- Is there an actual design trend for developer portals?
- Should the developer portal have the same look as the corporate site?
- Should the developer portal use the same branding as the corporate site?
- Should the developer portal look like an eye-catchy “marketing site” or like a clean, technical documentation base?
- How can you avoid that the developer portal looks like a site with only dry documentation? How can you improve this visually?
Experience and advice
Actual design trend
Similarly to the way trends change year by year in web design, the preferred visual styles of developer portals also change. Nowadays, it is really popular to use illustrations in certain page sections. These colorful, aesthetic illustrations can spice up the, dry, technical content and pages and give a nice first impression. These illustrations appear on several pages, consistently with the same graphical style and color scheme but in different amounts.
You can read more about illustrations in part 4: Supporting graphical elements.
It is possible and suggested to play with appealing images and illustrations, but you have to keep in mind that a developer portal —just like any other product of a company— should reflect the brand. Not just the colors and typography but the imagery should follow the brand rules as well. To ensure this designers always start with reading the brand book carefully and adjust the visuals to that. Besides being compliant to the brand, the design should also be consistent through the pages, This means the same graphical style, icon style, brand colors, box styles, etc. on all subpages.
Having said these, the developer portal can be just different enough from the company’s corporate site to make sure users realize that they are not on the corporate site. This difference can be reached with a logo version, just like in case of divisions or business units. It is a common practice to use the main brand’s logo with a text next to it saying: “Developer Portal” , “API store” , “Developer Center”, or “Documentation”. It comes in handy if the developer portal’s header or footer contains a link or button which leads back to the corporate site.
The distinction between the corporate site and the devportal can be reached with different colors as well. For example, it is a popular solution to use one of the primary or secondary brand colors -—but not the main primary color— on the developer portal as a dominant color. It is also common to choose different imagery styles on the devportal, for example, use photography on the corporate site and illustrations on the devportal. Just like on the Nordea sample above.
The layout and design of the whole developer portal should focus on functionality. It’s not a commercial, marketing page, it has a different goal and target audience. A developer portal contains and organizes a huge amount of information, code and documentation. For a developer portal clean, transparent, functional design can provide the best user experience.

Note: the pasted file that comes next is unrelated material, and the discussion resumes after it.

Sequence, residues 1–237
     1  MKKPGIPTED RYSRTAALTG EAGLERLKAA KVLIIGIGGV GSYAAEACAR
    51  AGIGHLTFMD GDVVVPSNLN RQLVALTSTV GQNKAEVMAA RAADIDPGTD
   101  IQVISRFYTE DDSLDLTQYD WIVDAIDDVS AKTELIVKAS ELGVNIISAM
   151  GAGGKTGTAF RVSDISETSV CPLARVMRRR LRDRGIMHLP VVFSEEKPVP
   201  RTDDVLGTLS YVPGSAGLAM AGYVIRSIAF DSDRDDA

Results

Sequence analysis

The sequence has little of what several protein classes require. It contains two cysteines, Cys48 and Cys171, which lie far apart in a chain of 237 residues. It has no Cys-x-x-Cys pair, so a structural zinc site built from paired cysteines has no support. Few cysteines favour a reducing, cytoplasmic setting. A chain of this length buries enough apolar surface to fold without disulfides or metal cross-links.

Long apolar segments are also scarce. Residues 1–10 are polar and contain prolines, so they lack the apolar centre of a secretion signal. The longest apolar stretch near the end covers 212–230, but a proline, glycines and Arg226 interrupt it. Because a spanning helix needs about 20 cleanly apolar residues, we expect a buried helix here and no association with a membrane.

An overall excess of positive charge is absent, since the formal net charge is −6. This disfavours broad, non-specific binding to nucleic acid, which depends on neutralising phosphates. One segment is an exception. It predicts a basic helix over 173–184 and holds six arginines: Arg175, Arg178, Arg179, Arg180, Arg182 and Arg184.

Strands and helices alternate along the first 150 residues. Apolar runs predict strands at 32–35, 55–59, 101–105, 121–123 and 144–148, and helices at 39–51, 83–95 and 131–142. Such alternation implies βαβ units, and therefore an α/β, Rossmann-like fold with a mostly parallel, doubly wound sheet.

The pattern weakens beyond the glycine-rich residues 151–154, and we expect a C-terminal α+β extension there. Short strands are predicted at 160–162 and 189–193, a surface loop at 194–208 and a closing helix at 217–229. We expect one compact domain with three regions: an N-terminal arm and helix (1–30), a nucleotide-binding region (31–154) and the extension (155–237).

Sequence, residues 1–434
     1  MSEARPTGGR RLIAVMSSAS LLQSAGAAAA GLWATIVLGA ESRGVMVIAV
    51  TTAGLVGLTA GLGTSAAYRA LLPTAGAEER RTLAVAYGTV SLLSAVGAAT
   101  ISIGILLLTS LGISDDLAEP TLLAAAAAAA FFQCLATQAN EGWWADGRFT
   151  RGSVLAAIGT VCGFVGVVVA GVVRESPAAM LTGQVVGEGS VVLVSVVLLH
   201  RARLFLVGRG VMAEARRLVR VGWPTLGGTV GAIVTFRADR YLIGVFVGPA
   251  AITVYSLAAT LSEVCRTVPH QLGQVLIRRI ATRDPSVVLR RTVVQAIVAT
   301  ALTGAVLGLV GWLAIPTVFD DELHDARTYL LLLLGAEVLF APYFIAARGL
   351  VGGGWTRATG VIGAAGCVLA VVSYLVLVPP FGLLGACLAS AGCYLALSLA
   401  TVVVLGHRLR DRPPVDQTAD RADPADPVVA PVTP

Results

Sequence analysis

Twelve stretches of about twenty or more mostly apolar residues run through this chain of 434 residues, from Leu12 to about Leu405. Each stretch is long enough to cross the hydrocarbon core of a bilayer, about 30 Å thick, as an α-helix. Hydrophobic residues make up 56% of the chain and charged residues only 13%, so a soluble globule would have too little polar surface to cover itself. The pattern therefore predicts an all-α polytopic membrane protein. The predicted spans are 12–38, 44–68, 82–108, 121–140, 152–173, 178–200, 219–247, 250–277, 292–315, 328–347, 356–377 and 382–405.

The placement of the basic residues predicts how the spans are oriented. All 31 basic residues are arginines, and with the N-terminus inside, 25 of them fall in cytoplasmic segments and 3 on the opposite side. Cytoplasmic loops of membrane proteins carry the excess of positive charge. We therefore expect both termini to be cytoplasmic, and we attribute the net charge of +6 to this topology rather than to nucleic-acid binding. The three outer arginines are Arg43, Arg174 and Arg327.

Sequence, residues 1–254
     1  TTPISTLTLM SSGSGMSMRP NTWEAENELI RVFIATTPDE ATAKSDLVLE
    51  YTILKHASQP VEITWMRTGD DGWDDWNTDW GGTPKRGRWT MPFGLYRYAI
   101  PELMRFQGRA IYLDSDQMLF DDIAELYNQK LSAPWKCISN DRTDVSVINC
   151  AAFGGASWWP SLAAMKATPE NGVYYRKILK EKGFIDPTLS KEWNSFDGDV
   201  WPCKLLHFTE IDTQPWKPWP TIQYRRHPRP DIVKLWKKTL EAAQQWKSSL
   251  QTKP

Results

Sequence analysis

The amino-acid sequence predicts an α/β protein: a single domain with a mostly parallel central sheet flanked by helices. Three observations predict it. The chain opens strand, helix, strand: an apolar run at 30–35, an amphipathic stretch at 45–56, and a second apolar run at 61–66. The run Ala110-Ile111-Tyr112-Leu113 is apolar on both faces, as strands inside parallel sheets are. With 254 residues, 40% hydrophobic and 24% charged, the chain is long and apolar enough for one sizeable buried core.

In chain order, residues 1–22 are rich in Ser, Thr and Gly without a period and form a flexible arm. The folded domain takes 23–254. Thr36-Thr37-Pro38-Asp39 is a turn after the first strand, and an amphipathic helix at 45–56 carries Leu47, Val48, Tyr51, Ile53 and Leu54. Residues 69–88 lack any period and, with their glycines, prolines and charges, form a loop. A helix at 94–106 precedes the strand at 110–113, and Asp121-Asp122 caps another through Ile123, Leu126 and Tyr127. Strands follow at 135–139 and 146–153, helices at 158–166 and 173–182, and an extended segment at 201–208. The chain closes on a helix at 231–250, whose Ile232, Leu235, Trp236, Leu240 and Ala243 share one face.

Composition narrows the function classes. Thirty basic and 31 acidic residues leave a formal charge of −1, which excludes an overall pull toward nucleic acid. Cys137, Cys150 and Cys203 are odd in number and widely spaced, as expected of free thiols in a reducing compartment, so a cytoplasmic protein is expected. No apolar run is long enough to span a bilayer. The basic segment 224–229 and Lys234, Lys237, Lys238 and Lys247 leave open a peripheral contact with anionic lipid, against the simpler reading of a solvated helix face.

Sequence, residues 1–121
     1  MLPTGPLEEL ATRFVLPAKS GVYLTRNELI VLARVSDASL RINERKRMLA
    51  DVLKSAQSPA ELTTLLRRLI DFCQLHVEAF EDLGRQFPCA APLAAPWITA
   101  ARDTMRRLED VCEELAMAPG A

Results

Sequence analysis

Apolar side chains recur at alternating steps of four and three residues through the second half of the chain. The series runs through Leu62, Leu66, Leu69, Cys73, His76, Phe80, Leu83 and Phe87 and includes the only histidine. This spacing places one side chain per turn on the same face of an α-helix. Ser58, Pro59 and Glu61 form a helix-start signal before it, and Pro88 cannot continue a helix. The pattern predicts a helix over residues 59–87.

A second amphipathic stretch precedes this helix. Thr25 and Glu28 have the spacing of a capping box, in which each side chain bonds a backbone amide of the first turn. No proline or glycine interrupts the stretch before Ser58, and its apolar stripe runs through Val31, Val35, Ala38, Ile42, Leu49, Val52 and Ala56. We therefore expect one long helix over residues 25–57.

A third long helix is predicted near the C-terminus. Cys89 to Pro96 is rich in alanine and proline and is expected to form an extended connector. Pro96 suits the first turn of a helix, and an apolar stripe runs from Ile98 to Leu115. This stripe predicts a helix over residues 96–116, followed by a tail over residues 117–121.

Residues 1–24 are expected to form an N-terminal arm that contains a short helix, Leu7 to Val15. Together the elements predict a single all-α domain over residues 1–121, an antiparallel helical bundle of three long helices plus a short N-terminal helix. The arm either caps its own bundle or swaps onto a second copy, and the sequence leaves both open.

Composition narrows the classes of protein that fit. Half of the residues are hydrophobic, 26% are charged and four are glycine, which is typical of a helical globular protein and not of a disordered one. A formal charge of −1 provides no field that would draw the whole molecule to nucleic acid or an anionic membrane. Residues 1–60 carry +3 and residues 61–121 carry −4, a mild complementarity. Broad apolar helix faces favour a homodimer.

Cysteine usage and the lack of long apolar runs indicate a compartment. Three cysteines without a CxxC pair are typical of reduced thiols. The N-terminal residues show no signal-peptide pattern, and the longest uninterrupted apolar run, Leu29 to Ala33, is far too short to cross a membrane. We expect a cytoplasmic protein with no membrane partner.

Balancing between aesthetics, content and functionality
In the case of developer portals, the main goal is to find the balance between visuals and content, and focus on functionality and usability. From outside the portal should be brand-consistent and appealing, while from inside it needs to be easily understandable and usable. We can reach this by changing the amount of visuals as we dive deeper into the IA.
We suggest keeping the design clean, simple and minimalistic on inner, technical pages (e.g. documentation, Swagger UI). However, visual elements on landing or API summary pages - marketing focused descriptional pages with various sections, CTAs, cards, etc. - can give users a nice first impression. You can improve these visually by using colorful, brand-consistent graphics, images, illustrations, backgrounds, even videos or gif animations (e.g. tutorials, how-to parts). You can also play with the size and arrangement of the sections. On these engaging pages don’t hesitate to use bigger hero sections with pretty pictures, prominent CTA sections. The main goal here is to onboard users and direct them.
On the more technical subpages a smaller header and clean style is more advantageous. You can still play with white space, element grouping and typography in order to show hierarchy. You can use graphical elements here as well, but you have to keep in mind that these should support functionality and content. The documentation, code samples and textual content should be given the greatest focus so don’t overwhelm these pages with graphics.
We hope this article provided you with ideas about the visual style and mood of developer portals and gave you useful examples about the balanced amount of visuals on various pages, such as marketing, documentation, and technical pages.
What is next?
In our next article we’ll look into what viewpoints you can consider when you use basic graphical elements on developer portals, such as icons, colors, images, and fonts. How can these elements make a devportal more friendly, aesthetic and organized? What is important to keep in mind, how can the elements support functionality?